The research team examined the potential connection between their measurements and air traffic using a database that calculates emissions and their distribution based on global aircraft movements and fuel consumption. “While more research will be needed to prove a direct link between stratospheric aerosol imbalance and aviation, this study clearly shows human activity has created substantially different conditions in the lower stratosphere of the Northern and Southern Hemispheres,” said NOAA scientist Charles Brock, one of the paper's co-authors.

NOAA’s Chemical Sciences Laboratory has recently begun a multi-year research initiative, the Earth’s Radiation Budget (ERB) project, to better understand the composition of the stratosphere and how stratospheric aerosols can influence how much heat is absorbed by the atmosphere. 

The implications of Williamson’s findings are particularly important in light of the increase in global aviation and the potential for a significant new stratospheric pollution from the planned increase in rocket launches for satellite constellations and space exploration. Computer models currently struggle to reproduce the size and number of aerosols in this region of the atmosphere. The new research suggests that in order to get an accurate picture of the current state of the stratosphere and predict how future stratospheric emissions will affect climate, models will have to accurately account for different aerosol sources and characteristics in the northern and southern stratospheres.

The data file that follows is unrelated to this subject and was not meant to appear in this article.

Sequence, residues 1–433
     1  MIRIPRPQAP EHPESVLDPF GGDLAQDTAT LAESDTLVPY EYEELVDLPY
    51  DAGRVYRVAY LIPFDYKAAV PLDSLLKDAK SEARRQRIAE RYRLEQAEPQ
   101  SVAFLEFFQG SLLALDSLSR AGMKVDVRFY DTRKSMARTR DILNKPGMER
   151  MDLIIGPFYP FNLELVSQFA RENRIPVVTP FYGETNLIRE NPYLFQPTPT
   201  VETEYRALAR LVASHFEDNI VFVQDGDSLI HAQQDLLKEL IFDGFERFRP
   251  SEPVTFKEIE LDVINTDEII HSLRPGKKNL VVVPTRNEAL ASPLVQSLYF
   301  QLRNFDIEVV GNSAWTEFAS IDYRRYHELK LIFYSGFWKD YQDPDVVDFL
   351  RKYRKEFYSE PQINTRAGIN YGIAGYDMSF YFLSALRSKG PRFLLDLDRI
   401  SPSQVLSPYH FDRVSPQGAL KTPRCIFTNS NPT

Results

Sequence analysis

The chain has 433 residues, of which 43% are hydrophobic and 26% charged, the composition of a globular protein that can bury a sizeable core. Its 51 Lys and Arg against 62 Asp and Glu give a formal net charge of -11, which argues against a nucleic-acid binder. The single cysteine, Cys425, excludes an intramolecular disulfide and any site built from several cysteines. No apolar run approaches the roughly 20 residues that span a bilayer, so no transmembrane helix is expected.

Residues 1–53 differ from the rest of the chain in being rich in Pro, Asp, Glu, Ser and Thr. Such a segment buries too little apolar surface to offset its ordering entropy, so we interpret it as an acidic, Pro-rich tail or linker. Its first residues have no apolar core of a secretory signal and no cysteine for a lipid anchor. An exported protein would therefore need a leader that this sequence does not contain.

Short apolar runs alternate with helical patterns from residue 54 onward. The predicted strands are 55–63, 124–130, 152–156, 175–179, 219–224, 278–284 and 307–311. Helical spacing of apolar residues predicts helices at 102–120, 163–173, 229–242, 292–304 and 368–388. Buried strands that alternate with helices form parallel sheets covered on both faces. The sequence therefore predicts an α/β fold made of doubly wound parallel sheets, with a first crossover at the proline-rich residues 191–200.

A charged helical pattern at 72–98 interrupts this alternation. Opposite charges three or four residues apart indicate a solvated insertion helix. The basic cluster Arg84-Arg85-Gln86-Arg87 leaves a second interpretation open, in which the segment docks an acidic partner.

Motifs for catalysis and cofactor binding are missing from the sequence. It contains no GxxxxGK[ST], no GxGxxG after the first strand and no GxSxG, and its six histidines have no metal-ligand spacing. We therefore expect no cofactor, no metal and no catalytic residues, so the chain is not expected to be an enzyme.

"These observations highlight another way that human activity has altered the composition of the atmosphere that we need to be accounting for in climate models,” Williamson said. “And illustrate how much uncertainty remains about aerosol sources and the details of the current aerosol distribution in the stratosphere."


This story was written by NOAA Communications.


CIRES is a partnership of NOAA and CU Boulder.


contacts

Christina Williamson
CIRES and NOAA scientist
Karin Vergoth
CIRES Communications
Theo Stein
NOAA Communications

Area of Research


Recent Stories